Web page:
Chemical Insecticides Blamed For Massive Bird And Bee Deaths

For the first time, scientific researchers have tied the most popular and commonly used insecticides to the reduction in farmland birds. The report findings represent an increase in the already realized dangers of chemical agricultural products, such as those made my Monsanto, Bayer, Sygenta, Dow, and Dupont. The report also warns that the pollution created by the nerve agents used in weed killers is now “threatening all food production.” Neonicotinoids were first developed by Bayer.

Neonicotinoids have been linked to a recent rash of bird deaths. Farmland bird numbers have dropped significantly, and researchers believe the chemicals in weed killers are responsible. GMO crops, and the pesticides and herbicides to used to foster their growth, have also been considered as a primary cause for the massive bee population decline.

A Bayer CropScience representative, a company that makes the neonicotinoid, chastised by the study, disagreeing with the study’s findings. “It provides no substantial evidence of the alleged indirect effects of imidacloprid on insectivorous birds. Bayer CropScience is working with the Dutch authorities and agricultural stakeholders to ensure the safe use of imidacloprid-containing crop protection products and to preserve the environment.”
The Bayer spokesmen also added a claim that neonicotinoids have gone through “extensive risk assessments” which proves the chemical is safe for the environment when used according to label instructions and properly. Related research published in the journal Functional Ecology concluded that neonicotinoids damage the natural ability of bees to collect food. As the Harvard and multiple other scientific research has pointed out, the chemicals present in top-selling agricultural products, like Monsanto’s Roundup Ready, has a negative impact on the nervous system of bees. The Functional Ecology journal said the researchers used small tags to track bees and found that the pollinators exposed to insecticide gathered far less pollen.

The European Union enacted a two-year ban on neonicotinoid insecticides, but the suspected impact of the chemicals has not been realized until now, according to the report published in The Guardian. The peer reviewed research which was originally published in the journal Nature, a renowned leader in environmental studies, noted that tree sparrows, starlings, and swallows are among the bird species most impacted by neonicotinoids.
Unlike the European Union and a host of other nations which have banned or limited the use of neonicotinoids and GMO crops, the United States is waving them on for continued use. A bevvy of former Monsanto executives and attorneys were appointed to key positions in the USDA, the FDA, and the EPA. Many feel the influence by the former staffers, some still stockholders, is curtailing an honest review of the impact of the chemical insecticides and genetically modified seeds.
According to the report, at least 95 percent of neonicotinoids applied to crops find their way into the environment at large. The chemical reportedly kills honeybees, the pollinators the human race heavily relies upon, other insects, and birds at an alarming rate. Honeybees provide pollination for 70 percent of the food we grow to eat. Bees don’t pollinate corn, but the pollen drifts elsewhere where it makes contact with bees.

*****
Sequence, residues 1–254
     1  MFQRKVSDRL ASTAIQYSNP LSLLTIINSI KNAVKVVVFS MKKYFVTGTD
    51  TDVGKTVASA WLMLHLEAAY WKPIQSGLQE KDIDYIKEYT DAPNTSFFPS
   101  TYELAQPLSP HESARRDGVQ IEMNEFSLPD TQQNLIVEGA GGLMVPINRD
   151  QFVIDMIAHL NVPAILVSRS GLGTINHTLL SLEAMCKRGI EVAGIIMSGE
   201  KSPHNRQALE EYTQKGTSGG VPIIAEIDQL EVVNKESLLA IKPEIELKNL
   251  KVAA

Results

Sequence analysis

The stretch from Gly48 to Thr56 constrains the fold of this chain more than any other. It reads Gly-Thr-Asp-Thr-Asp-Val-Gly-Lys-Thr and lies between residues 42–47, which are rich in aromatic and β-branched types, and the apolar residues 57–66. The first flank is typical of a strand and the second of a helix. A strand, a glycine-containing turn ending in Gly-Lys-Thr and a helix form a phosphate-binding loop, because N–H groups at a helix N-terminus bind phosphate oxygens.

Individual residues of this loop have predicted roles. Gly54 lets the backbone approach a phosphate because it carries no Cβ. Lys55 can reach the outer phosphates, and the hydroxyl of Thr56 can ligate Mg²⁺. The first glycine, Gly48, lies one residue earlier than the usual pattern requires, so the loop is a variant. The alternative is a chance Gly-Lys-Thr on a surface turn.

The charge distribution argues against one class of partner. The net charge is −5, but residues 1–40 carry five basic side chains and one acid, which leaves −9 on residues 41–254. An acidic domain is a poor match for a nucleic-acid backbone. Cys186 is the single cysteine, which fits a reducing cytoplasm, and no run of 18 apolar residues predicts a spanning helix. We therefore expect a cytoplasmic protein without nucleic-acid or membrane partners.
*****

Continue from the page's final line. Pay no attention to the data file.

A recent Harvard study says that neonicotinoids are to blame for colony collapse disorder in the honeybee population and the creation of superweeds. But the Environmental Protection Agency and USDA continue to claim neonicotinoids are safe. During the Harvard study, about half of the bee colonies which had been exposed to neonicotinoids died. The honeybee study was published in the Bulletin of Insectology. The university scientists studied 18 honeybee colonies in Massachusetts for about one year, and reviewed how even low doses of two types of neonicotinoids, clothianidin and imidacloprid, impacted healthy honeybee hives over the winter.

University of Sussex professor David Goulson was not involved with the environmental study, but found the report convincing upon review. Goulson said, “The simplest, most obvious explanation is that highly toxic substances that kill insects lead to declines in things that eat insects.” It does not take an advanced degree in environmental studies to follow the good professor’s common sense logic.
As children, we were often told “we are what we eat.” Apparently, in addition to bones, blood, and muscles, we are also now quite filled with chemicals – despite eating healthy and growing our own food. Wind, rain, and insects themselves transport neonicotinoids and other chemical agricultural products away from where they were spread and into our own backyard gardens and farms – unless we are growing inside a massive greenhouse with water that has not been exposed to the flowing and blowing insecticides.

Professor Nigel Raine, from the Canadian University of Guelph, had this to say about the imidacloprid neonicotinoid and its impact on the birds and the bees:

“Exposure to this neonicotinoid seems to prevent bees from being able to learn essential skills. These tests [for lethal effects] should be conducted for extended periods to detect the effects of chronic exposure.”

What do you think should be done to protect the birds, bees, the environment, and ultimately the food supply, form neonicotinoids?